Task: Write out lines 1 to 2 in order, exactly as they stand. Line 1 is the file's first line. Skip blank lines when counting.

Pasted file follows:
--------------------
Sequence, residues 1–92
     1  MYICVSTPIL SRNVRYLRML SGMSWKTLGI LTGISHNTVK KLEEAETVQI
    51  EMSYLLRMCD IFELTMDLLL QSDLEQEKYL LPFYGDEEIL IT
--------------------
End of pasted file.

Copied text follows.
Sequence, residues 1–92
     1  MYICVSTPIL SRNVRYLRML SGMSWKTLGI LTGISHNTVK KLEEAETVQI